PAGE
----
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Old 09-26-2013, 10:16 AM   #20
koliver
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City: Saltspring Island
Country: BC, canada
Vessel Name: Retreat
Vessel Model: C&L 44
Join Date: Nov 2007
Posts: 3,251
As you can see in my avatar picture, I carry a pair of kayaks. They are 12.0' and 12.5' (hers and mine). they weigh 40# and 45#. I lift them up by their bow lines, till vertical beside the boat, then push down hard, so that when the bouyancy pushes them back up, I can grab the rim of the opening and then rotate the kayak till it is laying along the side of the boat, then I lift them onto a rack that I originally built for carrying a laser, that is above the aft companionway hatch. The bow of my kayak sits on the lip of the upper deck. Her kayak rests, inverted, on top of mine, then they get strapped down.
Launching is easier, as all I do it toss them into the water. That usually gets attention, but rarely more than a few drops of water into the seat.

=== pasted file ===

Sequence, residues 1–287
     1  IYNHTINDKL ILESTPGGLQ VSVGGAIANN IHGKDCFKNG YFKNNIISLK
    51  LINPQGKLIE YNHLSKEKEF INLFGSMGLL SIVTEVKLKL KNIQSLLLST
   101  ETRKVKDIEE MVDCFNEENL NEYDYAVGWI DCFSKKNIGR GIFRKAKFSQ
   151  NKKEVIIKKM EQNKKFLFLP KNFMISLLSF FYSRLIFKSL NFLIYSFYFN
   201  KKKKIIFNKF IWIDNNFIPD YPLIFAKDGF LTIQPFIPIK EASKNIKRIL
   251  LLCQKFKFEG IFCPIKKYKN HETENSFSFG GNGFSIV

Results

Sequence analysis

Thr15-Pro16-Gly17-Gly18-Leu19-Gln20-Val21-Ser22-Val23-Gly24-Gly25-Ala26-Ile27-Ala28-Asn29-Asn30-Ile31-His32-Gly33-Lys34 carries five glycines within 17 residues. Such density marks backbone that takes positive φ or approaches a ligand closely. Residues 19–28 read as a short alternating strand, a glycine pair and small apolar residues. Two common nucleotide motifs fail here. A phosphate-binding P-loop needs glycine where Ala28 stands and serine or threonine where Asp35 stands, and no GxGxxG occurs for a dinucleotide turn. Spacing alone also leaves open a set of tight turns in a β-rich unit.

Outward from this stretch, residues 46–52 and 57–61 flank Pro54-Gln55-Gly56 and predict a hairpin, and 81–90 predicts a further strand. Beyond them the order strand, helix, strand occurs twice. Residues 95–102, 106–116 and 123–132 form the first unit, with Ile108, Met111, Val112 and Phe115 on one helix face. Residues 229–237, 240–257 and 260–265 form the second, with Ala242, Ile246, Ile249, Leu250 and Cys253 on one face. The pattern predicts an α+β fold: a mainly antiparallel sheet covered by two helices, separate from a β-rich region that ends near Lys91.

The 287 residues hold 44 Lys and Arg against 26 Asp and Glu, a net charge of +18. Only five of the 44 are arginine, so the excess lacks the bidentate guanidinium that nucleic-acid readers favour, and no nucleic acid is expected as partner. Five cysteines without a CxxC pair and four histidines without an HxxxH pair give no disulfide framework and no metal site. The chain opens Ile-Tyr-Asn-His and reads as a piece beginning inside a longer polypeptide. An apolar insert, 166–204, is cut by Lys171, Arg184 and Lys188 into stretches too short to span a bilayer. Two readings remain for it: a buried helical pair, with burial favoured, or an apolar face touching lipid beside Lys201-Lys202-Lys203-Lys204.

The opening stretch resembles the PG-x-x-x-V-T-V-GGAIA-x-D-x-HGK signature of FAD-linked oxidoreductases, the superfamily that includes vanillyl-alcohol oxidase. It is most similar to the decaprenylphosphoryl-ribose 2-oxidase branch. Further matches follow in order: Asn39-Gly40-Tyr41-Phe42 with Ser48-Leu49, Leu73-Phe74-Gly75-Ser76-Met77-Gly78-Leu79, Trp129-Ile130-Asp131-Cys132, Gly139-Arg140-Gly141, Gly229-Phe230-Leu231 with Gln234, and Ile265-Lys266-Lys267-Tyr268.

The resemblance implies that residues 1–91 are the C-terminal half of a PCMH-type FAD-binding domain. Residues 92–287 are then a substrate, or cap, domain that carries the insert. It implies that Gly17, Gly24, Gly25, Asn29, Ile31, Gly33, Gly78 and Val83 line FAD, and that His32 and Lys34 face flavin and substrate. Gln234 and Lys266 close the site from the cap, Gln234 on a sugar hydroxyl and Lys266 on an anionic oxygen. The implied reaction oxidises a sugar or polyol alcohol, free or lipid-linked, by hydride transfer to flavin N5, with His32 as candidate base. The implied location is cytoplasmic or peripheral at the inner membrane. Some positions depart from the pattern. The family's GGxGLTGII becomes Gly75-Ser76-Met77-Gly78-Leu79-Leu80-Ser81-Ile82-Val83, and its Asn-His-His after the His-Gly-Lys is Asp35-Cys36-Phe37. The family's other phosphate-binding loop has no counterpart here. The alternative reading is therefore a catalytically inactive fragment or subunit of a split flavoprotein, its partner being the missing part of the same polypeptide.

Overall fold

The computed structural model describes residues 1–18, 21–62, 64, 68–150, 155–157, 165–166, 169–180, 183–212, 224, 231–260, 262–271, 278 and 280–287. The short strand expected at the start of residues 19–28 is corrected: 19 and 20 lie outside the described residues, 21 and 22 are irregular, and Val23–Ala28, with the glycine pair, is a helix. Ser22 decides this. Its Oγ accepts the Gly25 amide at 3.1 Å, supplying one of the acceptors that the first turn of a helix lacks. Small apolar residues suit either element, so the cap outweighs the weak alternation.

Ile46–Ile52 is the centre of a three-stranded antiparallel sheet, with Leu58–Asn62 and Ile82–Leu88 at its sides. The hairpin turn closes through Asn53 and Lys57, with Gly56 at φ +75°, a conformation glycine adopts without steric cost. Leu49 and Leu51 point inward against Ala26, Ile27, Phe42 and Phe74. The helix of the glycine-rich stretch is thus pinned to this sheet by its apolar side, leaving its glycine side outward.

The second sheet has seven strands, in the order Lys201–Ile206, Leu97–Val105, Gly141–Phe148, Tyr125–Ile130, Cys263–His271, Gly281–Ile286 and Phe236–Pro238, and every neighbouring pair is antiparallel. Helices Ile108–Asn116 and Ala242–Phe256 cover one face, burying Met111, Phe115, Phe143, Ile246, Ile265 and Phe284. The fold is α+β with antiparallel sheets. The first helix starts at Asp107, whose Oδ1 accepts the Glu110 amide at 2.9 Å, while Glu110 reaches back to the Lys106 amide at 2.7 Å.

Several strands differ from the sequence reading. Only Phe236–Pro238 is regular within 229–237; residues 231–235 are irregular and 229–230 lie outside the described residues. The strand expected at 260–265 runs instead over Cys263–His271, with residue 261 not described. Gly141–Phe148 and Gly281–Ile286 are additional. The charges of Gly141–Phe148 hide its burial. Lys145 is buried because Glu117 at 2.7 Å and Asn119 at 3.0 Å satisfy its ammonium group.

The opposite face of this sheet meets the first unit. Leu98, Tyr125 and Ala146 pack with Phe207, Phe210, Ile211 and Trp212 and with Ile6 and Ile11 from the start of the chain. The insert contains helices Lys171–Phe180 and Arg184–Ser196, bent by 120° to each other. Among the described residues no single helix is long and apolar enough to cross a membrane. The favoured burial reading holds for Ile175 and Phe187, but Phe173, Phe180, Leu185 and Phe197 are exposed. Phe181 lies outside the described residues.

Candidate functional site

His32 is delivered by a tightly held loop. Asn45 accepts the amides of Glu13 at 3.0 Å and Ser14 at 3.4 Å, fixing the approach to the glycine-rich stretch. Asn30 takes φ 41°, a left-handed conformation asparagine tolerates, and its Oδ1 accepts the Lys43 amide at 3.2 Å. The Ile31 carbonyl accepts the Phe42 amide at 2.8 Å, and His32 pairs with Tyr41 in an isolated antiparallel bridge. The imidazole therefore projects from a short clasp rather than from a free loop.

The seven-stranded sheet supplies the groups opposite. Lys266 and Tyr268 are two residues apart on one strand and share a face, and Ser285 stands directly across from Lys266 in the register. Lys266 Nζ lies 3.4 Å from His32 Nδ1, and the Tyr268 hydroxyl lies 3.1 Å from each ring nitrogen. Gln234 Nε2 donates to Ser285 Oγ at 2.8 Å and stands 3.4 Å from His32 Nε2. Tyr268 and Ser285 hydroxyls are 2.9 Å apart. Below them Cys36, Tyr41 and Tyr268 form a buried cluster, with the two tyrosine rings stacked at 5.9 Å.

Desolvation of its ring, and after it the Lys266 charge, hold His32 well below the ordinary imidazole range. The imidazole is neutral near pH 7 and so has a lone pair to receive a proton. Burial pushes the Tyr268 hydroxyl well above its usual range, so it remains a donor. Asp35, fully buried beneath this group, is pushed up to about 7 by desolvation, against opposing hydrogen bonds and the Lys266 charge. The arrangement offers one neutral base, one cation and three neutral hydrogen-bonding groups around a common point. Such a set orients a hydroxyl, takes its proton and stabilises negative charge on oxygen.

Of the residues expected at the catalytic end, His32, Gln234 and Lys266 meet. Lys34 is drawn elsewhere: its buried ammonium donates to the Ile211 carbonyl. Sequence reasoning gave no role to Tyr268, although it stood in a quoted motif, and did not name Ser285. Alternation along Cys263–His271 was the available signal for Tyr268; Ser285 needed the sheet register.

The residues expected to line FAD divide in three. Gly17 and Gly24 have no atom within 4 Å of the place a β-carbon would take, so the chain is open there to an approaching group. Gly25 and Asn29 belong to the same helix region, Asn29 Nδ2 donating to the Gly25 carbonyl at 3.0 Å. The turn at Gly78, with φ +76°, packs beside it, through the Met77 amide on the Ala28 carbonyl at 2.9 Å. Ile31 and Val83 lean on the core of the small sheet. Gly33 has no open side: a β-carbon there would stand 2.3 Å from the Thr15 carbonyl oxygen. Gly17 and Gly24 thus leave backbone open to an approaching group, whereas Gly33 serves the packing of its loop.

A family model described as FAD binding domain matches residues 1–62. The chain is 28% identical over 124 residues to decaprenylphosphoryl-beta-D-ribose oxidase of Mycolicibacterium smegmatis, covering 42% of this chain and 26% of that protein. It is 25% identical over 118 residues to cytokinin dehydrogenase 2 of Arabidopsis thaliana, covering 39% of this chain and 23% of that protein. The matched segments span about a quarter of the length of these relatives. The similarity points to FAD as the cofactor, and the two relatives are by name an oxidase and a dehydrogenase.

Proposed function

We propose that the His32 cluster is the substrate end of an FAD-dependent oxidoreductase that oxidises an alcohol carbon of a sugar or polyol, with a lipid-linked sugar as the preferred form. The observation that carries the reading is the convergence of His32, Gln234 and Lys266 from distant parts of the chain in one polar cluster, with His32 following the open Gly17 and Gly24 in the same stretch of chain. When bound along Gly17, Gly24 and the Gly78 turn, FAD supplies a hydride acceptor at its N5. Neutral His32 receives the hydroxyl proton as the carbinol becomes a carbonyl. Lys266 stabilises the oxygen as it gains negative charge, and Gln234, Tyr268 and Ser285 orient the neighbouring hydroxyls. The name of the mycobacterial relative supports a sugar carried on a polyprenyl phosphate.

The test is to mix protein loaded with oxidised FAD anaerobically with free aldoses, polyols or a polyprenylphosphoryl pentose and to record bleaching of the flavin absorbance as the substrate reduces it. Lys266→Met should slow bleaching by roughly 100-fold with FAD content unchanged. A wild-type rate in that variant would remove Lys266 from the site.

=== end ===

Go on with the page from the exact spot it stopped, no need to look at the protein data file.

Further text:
Getting into the kayak from the swim grid is easy, as the top of the kayak floats an inch or two higher than the swim grid. I have noticed that other folk's kayaks can be way less stable than mine, which seems related to the shape of its bottom. Mine has many molded in channels or chines, which act on steering and initial stability.
Before buying these, I looked at proper sea kayaks, but couldn't find a spot on board that would accommodate their +14 ft length. Then a trip to Coast Mountain sports, where I found a good selection. I tried out a pair of 13 ft, smooth rounded bottom kayaks, but they were still too long for my storage spot and too unstable for her to get in and out without a swim, so back for a different pair. These have worked well. The biggest improvement to our enjoyment of kayaking was to buy better paddles. the ones they throw in with your purchase are heavy. Your arms get tired just from holding them up. We initially bought $100 paddles to get the static weight down a bit, but a few years later bought $200 paddles to get the weight down some more. Now we can go for hours before our arms get sore, as the weight of the paddles is insignificant. Carbon Fibre rocks!
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